What’s the best wheel size for an enduro bike? We go in search of the answer with two almost identical INTENSE Tracers.
While the majority of bikes on the market are 29ers, brands are increasingly offering mullet configurations as an alternative. And while the early mixed wheel models were little more than frankenbike mash-ups, the bikes you can buy now are usually bespoke variants without compromises in geometry.
But why would you choose one? What are the pros and cons? And can you feel the differences on the trail? Armed with two of INTENSE’s latest enduro bikes, the Tracer 279 and Tracer 29, we set out to find some answers.
Some of the oft-repeated generalisations about mullet bikes are that they are more agile, playful, and indeed fun, than full 29ers. Hand in hand with that is the assertion that mullet bikes change direction more easily, and that they take less effort to manual or lift the front end.
Additionally, the smaller rear wheel gives more bum clearance, and it helps with acceleration and braking, at the expense of improved bump rollover and high speed stability.
The Tracer gets 170mm of travel front and rear and comes in two wheel size options, with near identical geometry and specs, making them a really good choice for trying to isolate and identify any differences on the trail.
Indeed, when we measured the two bikes in size large, the only real difference was in the chainstay length, with the Tracer 279 mullet bike running a short 437mm rear centre, and the Tracer 29 coming in at a more common 450mm.
INTENSE fits the Tracer with a flip chip, and the bikes come stock with the 29er in the low position and the mullet bike in the high position. This gives near identical geometry and BB heights.
The biggest spec difference between the two bikes is the shock. On the mullet it’s a coil shock and the 29er gets an air shock. As such, we ran both bikes with 28% sag. Other minor variations include the tyre treads (Maxxis Minion DHF/DHR II on the mullet, Assegai on the 29), but the casings and compounds are both the same.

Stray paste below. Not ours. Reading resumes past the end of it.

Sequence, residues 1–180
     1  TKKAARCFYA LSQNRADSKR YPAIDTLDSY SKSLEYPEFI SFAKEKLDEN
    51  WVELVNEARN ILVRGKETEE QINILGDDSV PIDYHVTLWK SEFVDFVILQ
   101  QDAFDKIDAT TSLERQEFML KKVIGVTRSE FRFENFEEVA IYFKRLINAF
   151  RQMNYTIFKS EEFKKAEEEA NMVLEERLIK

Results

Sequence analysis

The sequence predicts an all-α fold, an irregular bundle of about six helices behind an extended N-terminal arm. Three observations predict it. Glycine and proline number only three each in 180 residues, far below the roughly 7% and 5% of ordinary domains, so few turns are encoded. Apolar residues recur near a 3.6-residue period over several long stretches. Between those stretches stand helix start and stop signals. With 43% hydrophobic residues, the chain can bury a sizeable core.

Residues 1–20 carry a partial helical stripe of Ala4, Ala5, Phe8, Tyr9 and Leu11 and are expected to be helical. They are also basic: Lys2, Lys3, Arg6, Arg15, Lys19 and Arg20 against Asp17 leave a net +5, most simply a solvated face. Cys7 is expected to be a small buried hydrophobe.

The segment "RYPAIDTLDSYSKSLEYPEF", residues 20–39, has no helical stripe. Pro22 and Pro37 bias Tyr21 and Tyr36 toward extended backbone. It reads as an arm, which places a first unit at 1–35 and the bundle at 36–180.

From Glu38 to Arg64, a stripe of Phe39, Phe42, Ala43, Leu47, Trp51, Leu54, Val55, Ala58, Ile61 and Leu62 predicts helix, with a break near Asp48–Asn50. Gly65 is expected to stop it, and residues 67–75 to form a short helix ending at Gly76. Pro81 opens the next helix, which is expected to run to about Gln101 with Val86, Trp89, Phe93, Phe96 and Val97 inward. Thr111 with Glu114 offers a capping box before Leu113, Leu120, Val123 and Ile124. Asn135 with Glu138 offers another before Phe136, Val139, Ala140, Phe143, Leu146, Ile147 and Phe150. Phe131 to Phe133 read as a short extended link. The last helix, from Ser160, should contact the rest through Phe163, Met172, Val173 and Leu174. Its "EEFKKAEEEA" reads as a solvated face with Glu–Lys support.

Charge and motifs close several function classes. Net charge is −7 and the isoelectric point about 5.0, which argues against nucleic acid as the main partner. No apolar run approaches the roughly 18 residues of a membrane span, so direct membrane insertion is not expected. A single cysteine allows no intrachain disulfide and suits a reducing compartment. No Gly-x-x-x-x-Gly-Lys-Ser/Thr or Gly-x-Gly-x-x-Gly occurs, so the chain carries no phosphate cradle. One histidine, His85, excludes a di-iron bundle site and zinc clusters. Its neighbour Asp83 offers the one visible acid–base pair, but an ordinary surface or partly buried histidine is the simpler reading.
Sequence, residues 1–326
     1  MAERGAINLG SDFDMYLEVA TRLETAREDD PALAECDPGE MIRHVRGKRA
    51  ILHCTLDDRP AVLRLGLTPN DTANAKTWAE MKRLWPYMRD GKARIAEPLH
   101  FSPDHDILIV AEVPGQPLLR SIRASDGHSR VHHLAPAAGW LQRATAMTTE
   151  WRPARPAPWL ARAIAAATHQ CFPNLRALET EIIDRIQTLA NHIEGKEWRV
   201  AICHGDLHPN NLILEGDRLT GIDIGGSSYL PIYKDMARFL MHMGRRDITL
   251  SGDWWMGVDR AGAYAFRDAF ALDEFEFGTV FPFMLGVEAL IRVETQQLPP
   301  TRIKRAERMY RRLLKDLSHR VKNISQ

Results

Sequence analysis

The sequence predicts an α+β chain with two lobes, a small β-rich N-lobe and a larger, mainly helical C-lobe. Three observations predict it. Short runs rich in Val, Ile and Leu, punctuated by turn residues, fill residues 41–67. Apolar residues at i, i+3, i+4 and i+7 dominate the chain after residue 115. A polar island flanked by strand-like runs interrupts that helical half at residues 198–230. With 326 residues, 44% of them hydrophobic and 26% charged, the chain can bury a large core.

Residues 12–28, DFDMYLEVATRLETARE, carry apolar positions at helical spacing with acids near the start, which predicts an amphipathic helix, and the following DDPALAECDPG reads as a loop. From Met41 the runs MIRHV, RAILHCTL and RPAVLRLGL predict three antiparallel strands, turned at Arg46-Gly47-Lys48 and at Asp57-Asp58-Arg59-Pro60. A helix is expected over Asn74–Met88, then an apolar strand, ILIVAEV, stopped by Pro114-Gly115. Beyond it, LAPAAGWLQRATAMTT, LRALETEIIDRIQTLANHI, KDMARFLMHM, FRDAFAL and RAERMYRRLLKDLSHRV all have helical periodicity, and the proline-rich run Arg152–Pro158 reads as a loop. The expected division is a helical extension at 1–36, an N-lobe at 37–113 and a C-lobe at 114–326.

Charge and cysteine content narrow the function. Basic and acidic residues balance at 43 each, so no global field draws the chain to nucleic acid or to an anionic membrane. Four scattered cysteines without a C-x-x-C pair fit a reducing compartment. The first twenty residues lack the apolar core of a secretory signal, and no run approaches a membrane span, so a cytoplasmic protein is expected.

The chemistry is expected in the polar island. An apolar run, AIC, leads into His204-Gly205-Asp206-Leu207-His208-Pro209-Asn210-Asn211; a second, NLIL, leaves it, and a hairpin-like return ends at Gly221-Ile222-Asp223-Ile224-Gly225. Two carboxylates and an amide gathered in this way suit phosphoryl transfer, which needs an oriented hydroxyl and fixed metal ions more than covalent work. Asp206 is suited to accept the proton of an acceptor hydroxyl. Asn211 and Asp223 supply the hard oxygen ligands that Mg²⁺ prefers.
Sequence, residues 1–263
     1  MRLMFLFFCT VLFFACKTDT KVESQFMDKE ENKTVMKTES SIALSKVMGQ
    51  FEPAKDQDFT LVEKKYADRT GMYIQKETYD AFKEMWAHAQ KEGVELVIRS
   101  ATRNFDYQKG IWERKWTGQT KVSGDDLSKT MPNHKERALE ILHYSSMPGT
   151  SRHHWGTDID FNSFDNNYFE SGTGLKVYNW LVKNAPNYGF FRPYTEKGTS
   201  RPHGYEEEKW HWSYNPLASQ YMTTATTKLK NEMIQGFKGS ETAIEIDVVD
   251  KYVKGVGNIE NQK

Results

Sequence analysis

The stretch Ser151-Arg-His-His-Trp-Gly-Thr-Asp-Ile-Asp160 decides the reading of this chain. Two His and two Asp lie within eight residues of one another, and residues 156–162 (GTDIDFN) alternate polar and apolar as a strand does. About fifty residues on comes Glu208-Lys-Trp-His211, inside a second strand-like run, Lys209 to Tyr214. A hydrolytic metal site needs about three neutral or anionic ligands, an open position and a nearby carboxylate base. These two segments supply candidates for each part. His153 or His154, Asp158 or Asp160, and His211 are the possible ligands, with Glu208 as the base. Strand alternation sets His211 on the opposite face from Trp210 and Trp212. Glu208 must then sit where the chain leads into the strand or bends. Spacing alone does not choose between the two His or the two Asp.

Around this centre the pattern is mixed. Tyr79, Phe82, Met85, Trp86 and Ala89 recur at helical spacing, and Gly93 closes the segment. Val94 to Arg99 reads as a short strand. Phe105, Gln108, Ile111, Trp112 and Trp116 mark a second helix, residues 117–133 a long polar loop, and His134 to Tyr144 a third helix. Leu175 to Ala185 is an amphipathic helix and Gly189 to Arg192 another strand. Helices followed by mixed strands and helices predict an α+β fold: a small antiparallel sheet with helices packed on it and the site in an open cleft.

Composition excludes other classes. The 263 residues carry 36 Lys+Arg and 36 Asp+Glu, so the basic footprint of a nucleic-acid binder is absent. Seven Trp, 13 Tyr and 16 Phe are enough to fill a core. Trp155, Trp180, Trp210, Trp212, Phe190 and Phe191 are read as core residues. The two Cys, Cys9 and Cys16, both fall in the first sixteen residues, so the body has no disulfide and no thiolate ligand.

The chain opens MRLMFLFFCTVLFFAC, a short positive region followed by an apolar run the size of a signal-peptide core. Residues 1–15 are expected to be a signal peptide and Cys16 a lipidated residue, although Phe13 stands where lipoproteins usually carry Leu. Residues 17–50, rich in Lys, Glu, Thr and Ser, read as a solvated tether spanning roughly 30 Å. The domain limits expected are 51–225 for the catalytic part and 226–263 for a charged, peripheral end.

On the scales, the 29er was the lightest, although only by 150g. What’s interesting is that the rear wheel is lighter on the mullet bike – it’s smaller, after all – while the shock is heavier, so the mullet bike actually has a marginally better sprung-to-unsprung mass ratio.
With the same size chainring and cassette on both bikes, the actual gearing on the 29er is slightly taller because of the larger rear wheel. Fitting a 32t chainring on the mullet bike would even things out. Equally, the brake rotors are 203mm on both bikes, but the larger rear wheel on the 29er would benefit from a bigger rotor, especially on long descents.
|Tracer 29||Tracer 279 (mullet)|
|Effective SA||77.4º @ 740mm||77.6º @ 740mm|
|Rear wheel weight||3.25kg||3.01kg|
|Rear wheel diameter||749mm||704mm|
|Rear mech clearance||140mm||120mm|
We undertook timed runs on both bikes, utilising a short downhill and a gradual fireroad climb. After some familiarisation runs, an A-B-A pattern was used, with two runs on the mullet bike, followed by four runs on the 29er, and finishing up with two runs on the mullet.
The downhill was deliberately chosen to favour the mullet bike, with a sequence of alternate turns down a fairly steep hill. A straight, fairly smooth, moderate gradient fireroad was used for the climb. Effort was kept low (under 140bpm) using a heart rate monitor and restricted breathing.